Most people are aware of the famous Japanese surrender on the deck of the battleship USS Missouri
in Tokyo Bay, September 2, 1945. Though the Japanese government surrendered at this ceremony, there were still numerous Japanese military forces in the field yet to formally surrender to Allied control. One of these forces was the Japanese Asian army, formally called the Japanese Expeditionary Forces, Southern Regions. It operated in Southeast Asia, fighting British, American, and Australian forces. By the end of the war, though depleted by defeats in battle and by lack of supplies, it was still a large and formidable fighting force, capable of causing a great deal of difficulty for the Allies. It was important that this army formally surrender.
Engineer Lt. Gen. Raymond A. Wheeler had been serving in the China-Burma-India theater since early 1942. After commanding the Services of Supply, Wheeler was appointed Deputy Supreme Commander, South East Asia Command, under Admiral Lord Louis Mountbatten in October 1943. Unlike in the central and southwest Pacific, British and Commonwealth forces played a major role in fighting the Japanese in Asia, and the overall commander of Allied forces was a British officer. Wheeler also held the title of Commander, India-Burma Theater and was the highest ranking American officer in theater. In this capacity, he represented the United States at the Japanese surrender.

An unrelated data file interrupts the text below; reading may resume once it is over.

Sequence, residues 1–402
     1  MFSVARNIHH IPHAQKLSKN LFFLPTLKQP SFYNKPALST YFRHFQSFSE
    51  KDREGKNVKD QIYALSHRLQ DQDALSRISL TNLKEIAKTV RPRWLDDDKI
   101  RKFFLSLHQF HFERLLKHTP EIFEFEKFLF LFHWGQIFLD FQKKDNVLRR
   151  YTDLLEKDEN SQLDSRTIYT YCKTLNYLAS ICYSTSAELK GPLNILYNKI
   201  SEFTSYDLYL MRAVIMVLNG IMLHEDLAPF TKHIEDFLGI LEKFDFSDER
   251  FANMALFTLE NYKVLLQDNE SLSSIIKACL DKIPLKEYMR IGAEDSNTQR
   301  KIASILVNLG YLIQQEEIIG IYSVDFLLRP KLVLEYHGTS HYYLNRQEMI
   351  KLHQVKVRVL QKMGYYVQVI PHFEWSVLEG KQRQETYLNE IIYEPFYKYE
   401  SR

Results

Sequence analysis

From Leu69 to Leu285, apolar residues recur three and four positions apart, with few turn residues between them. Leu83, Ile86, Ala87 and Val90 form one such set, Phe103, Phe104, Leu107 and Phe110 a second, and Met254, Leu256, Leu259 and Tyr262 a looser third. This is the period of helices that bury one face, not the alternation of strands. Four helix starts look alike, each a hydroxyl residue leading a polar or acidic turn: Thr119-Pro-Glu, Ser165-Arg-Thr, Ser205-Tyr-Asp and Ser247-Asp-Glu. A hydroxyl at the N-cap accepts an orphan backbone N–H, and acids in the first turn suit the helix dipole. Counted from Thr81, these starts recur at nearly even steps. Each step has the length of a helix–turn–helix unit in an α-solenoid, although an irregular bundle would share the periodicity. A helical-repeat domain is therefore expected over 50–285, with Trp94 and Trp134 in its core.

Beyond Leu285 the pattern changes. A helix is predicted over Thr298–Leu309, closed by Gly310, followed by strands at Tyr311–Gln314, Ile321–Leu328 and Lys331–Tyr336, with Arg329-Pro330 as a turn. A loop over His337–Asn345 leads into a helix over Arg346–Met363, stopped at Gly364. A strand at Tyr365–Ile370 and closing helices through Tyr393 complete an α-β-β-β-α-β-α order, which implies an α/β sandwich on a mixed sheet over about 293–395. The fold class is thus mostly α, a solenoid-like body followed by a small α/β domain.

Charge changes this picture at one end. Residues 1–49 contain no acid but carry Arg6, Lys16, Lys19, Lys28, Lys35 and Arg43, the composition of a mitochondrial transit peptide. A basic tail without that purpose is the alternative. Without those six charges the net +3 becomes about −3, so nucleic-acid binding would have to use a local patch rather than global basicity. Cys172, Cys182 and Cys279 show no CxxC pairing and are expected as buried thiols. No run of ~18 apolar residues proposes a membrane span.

Japanese army signing surrender documents in Singapore, 12 Sept. 1945.
Lord Mountbatten is seated at the desk upper left; Lt. Gen. Raymond Wheeler is to his right.
The surrender took place on September 12, 1945, at Singapore, site of the crushing British defeat by the Japanese just three years earlier, which Prime Minister Winston Churchill described as "the worst disaster and largest capitulation in British history." The ceremony was concluded without incident. Signing for the Japanese was Lt. Gen. Seishiro Itagaki, the commander of Singapore and the Deputy Commander of the Japanese Expeditionary Forces, Southern Regions. The Japanese Supreme Command commander, General Count Hisaichi Terauchi, was not present because he was ill.
Mountbatten gives a speech after Japanese army surrender at Singapore's municipal building. Wheeler is to his immediate left.
General Wheeler, who became Chief of Engineers the month following the surrender, received an important memento of this event, one of the pens used for the surrender document. After he died in 1974, the pen, made in India and pictured here, remained in his family. His wife donated it to the U.S. Army Corps of Engineers Museum at Fort Belvoir, from which it was transferred to the Office of History Museum collection, where it now resides.
Wheeler's souvenir pen used in the surrender.
A copy of the instrument of surrender (below).
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